Boxing Cats, Color For The Colorblind, And An NYC Gun Store: The Top 5 Ads Of The Week

Cats get punchy, Valspar helps introduce glasses for the colorblind, a gun control group opens a gun store, and more.

Boxing Cats, Color For The Colorblind, And An NYC Gun Store: The Top 5 Ads Of The Week

Way to go, Starbucks!


The brand completely took over the marketing, pop culture, and the sociopolitical conversation this week, which is quite an achievement. If only it were for a happier reason. There will be no place on this list for Starbucks, but if there were an award for “making people feel uncomfortable,” the coffee chain would surely have picked up the top gong this week. Its probably well-intentioned but wildly ill-advised foray into race relations, #RaceTogether, has been, as our own Joe Berkowitz discovered, a source of awkwardness for everyone concerned, with the possible exception of Starbucks CEO Howard Schultz.

Although debating the right place and time to discuss racial issues and the role of brands therein has been high on our agenda this week, we really would prefer to talk about cats.

Boxing cats.


Read more about them and our other picks for this week’s best in brand creativity.

Mars Temptations, “#CatVsMouse”

What: A fun spot for new cat toy and treat dispenser, “Snacky Mouse,” which forces cats to whack their way in to get at the treats.
Who: Mars Temptations, Eve&AdamDDB
Why We Care: For once, cats appear in a commercial that is for a product actually relevant to cats. And they do boxing. The smart spot also shows exactly what the product does and why it will fly off the shelves.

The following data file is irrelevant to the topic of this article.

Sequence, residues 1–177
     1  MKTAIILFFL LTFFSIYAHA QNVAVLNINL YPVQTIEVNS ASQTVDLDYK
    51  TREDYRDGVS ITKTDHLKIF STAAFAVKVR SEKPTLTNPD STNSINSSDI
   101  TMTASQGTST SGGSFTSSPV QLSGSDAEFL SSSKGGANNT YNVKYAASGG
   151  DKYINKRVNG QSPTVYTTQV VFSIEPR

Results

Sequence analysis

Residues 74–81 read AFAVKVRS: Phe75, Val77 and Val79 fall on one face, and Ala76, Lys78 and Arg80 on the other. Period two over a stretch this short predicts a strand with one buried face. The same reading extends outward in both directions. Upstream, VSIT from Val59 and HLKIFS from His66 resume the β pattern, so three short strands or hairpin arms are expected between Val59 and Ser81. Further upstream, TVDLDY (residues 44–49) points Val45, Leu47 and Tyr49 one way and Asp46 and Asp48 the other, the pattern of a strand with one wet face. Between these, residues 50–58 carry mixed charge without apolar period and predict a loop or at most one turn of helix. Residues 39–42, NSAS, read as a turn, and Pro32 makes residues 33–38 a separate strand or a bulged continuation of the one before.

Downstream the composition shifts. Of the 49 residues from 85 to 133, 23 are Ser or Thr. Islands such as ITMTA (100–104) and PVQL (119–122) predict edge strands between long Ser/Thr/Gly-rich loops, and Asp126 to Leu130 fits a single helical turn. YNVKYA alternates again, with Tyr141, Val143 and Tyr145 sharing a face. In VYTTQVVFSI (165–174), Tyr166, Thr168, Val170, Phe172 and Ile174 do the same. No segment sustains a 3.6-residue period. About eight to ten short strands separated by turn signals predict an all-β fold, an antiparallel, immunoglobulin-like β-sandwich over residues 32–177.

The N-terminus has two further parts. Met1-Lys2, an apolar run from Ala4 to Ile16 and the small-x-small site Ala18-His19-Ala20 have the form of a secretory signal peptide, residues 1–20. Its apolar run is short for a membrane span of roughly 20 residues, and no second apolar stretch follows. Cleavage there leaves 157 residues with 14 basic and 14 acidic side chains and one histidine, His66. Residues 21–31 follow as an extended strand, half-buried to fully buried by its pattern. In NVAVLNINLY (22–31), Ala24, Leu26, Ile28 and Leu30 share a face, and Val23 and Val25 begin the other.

States United To Prevent Gun Violence, “Guns With History”

What: The anti-gun-violence nonprofit opens a “gun store” in NYC as a hidden-camera social experiment to debunk safety myths.
Who: States United to Prevent Gun Violence, Grey New York
Why We Care: The looks on people’s faces when they hear the deadly stories behind the weapons they are looking at indicate just how well-thought-out this campaign is. People think their lives will be safer if they own a gun, whereas studies show ownership increases risk of injury and death.


Valspar, “Color for the Colorblind”

What: A film showing how the brand teamed up with EnChroma to introduce glasses that enable colorblind people to see colors.
Who: Valspar Paint, FCB Chicago
Why We Care: Color is something we take for granted–for most of us, colors are just there. The stories of people seeing colors for the first time is strangely moving and totally in keeping with the paint brand’s purpose.

GE, “Super Smoker” at SXSW

What: In food-truck- and BBQ- and brand-infested Austin, GE set up a “BBQ Research Center” and invited guests to see a scientific approach to better barbecues, including a BBQ sauce workshop.
Who: GE
Why We Care: Brands have been increasingly muscling their way into SXSW, and this year, there were many complaints that they had taken over the event. However, this activation from GE emerged from the noise and whingeing and moaning by being relevant and interesting. Read more about it here.

Volkswagen, “Old Wives’ Tales”

What: Series of short spots for VW’s Passat TDI diesel car, featuring three entertainingly shouty ladies busting myths around diesel vehicles.
Who: Volkswagen, Deutsch LA
Why We Care: The three funny spots do a great job of grabbing attention and correcting misconceptions at the same time. Diesel engines are not noisy anymore. Who knew?


About the author

Louise Jack is a London-based journalist, writer and editor with a background in advertising and marketing. She has written for several titles including Marketing Week, Campaign and The Independent.


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